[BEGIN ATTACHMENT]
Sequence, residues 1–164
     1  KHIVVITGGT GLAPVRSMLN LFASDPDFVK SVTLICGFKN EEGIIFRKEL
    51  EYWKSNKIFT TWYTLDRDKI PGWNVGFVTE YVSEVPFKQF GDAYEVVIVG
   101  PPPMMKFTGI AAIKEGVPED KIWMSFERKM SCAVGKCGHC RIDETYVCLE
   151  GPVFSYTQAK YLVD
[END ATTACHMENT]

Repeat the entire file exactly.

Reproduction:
Sequence, residues 1–164
     1  KHIVVITGGT GLAPVRSMLN LFASDPDFVK SVTLICGFKN EEGIIFRKEL
    51  EYWKSNKIFT TWYTLDRDKI PGWNVGFVTE YVSEVPFKQF GDAYEVVIVG
   101  PPPMMKFTGI AAIKEGVPED KIWMSFERKM SCAVGKCGHC RIDETYVCLE
   151  GPVFSYTQAK YLVD